Basic Acceptance Requirements for Our MA and MFA Programs

This short piece simply explains the minimum scholarly requirements that applicants to both the MA and MFA programs in UNT CVAD's Design with Concentrations in Innovation Studies curriculums must meet to gain entry. Specifically, issues re: undergrad GPA and GRE scores are presented. Re: our requirements for taking the GRE, applicants to both our MA and MFA programs must take it BEFORE they complete 18 credit hours of study within these programs. Most applicants prefer taking the GRE prior to the commencement of their studies here.

Application Information: the MFA Program in Design With a Concentration in Design Research

Each applicant to our MFA Program in Design with a Concentration in Design Research curriculum must satisfy the basic requirements articulated in this video to gain acceptance into this Master’s Level course of study. The contents of this piece address issues regarding undergraduate GPA levels, the Graduate Record Examination (GRE), years (or lack thereof) of professional design experience, Test of English as a Foreign Language (TOEFL) requirements,and more. For more information, please e-mail Michael Gibson (michael.gibson@unt.edu).

Application Information: the MA Program in Design With a Concentration in Design Research

This two- to three-year, 36-credit-hour, master’s-level curriculum has been specifically designed to introduce graduate students WHO DO NOT POSSESS ACADEMIC OR PROFESSIONAL EXPERIENCE IN DESIGN to ways of thinking and engaging in research processes that are guidedby what we (and many others...) refer to as "design thinking," and by approaches to formulating, operating and analyzing research that are informed by design processes. For more informationabout this program, please e-mail Professor Michael Gibson (michael.gibson@unt.edu).

A “Quick Look” at Our MFA and MA Curriculums and Our TOEFL Requirements

This piece describes how most of the courses that comprise these degree plans are taught in the late afternoon and evening hours to better accommodate the schedules of grad students who work during “regular business hours.” It also articulates what requirements students who speak English as a foreign language must satisfy (particularly regarding the Test of English as a ForeignLanguage, or TOEFL) in order to be admitted to both the University of North Texas and to either of these graduate programs.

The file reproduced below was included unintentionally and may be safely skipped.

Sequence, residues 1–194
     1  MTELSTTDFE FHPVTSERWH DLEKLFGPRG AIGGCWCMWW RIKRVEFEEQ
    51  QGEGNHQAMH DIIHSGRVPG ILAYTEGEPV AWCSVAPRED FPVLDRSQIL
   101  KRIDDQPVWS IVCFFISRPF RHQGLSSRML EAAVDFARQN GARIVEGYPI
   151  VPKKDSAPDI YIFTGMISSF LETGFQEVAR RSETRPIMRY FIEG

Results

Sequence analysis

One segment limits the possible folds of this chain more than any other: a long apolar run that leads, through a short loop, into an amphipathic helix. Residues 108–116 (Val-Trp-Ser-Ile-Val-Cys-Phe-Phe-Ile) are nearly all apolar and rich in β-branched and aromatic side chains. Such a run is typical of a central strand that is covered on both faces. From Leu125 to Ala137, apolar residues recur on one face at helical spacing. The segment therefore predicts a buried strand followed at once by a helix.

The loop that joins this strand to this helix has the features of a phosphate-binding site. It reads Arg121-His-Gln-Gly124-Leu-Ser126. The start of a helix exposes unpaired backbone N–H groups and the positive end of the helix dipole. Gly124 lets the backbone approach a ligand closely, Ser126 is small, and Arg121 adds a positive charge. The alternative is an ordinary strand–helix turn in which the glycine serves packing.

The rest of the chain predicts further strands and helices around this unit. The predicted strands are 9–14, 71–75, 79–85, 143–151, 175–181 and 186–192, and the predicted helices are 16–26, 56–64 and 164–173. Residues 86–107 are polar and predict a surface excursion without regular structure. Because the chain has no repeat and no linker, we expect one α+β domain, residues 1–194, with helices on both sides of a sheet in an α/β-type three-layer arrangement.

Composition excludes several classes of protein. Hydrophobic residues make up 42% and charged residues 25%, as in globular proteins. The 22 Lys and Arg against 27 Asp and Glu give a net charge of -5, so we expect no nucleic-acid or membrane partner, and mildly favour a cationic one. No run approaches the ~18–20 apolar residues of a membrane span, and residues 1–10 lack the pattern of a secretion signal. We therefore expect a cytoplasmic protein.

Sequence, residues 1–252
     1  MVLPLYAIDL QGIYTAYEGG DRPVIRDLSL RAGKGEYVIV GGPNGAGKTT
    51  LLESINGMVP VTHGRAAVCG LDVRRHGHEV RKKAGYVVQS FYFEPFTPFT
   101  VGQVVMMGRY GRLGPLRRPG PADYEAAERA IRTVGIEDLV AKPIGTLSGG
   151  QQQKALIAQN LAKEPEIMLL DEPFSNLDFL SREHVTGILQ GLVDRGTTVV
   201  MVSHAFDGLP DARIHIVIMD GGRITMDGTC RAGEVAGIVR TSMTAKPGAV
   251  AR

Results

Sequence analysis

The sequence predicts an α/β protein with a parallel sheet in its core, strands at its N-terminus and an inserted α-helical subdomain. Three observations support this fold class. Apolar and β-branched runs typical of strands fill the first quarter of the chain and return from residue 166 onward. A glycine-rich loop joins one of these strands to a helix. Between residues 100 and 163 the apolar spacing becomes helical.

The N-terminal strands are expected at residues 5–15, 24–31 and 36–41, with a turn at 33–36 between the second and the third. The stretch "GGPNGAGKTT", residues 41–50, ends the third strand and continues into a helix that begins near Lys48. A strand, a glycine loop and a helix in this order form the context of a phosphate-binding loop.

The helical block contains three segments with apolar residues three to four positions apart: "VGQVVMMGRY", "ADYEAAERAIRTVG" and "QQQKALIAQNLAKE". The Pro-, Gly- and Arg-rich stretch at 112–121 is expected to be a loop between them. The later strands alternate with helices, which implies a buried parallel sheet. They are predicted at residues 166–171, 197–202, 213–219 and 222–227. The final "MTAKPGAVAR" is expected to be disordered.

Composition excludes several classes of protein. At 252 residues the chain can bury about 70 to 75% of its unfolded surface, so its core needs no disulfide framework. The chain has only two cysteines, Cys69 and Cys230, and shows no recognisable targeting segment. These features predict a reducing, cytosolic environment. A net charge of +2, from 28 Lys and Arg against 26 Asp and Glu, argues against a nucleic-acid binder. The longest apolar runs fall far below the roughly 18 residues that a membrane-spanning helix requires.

Section Four: Re-Designing Grad Level Design Education and Research at UNT

Re-Designing Graduate Level Design Education and Research at UNT

This piece is a compilation of an entire array of video shorts that briefly describe: 1. the MAand MFA Programs in Design with Concentrations in Design Research at UNT's College of Visual Arts and Design, and 2. how and why we approach design research in the ways that we do. These pieces were designed and produced within the Department of Design at UNT using the same equipment and facilities that our graduate students utilize on a daily basis. You can view this piece in about 16 minutes, although we encourage hitting the pause button occasionally...

Section Five: UNT Design Research Enables...

Assuming Vital Roles for Design Processes in Collaborative, Inter- and Trans-Disciplinary Research

The learning experiences we facilitate in our graduate design programs involve an inclusive set of approaches to formulating, operating and analyzing design and research processes. Our project partners are diverse, and have all been challenged to try to alter social, technological, economic,environmental and political circumstances as a means to achieve their objectives. Involving diverse combinations of faculty and students from UNT from inside snd outside of design as our projects evolve ensures that they’re informed by a variety of ways of thinking, doing and making.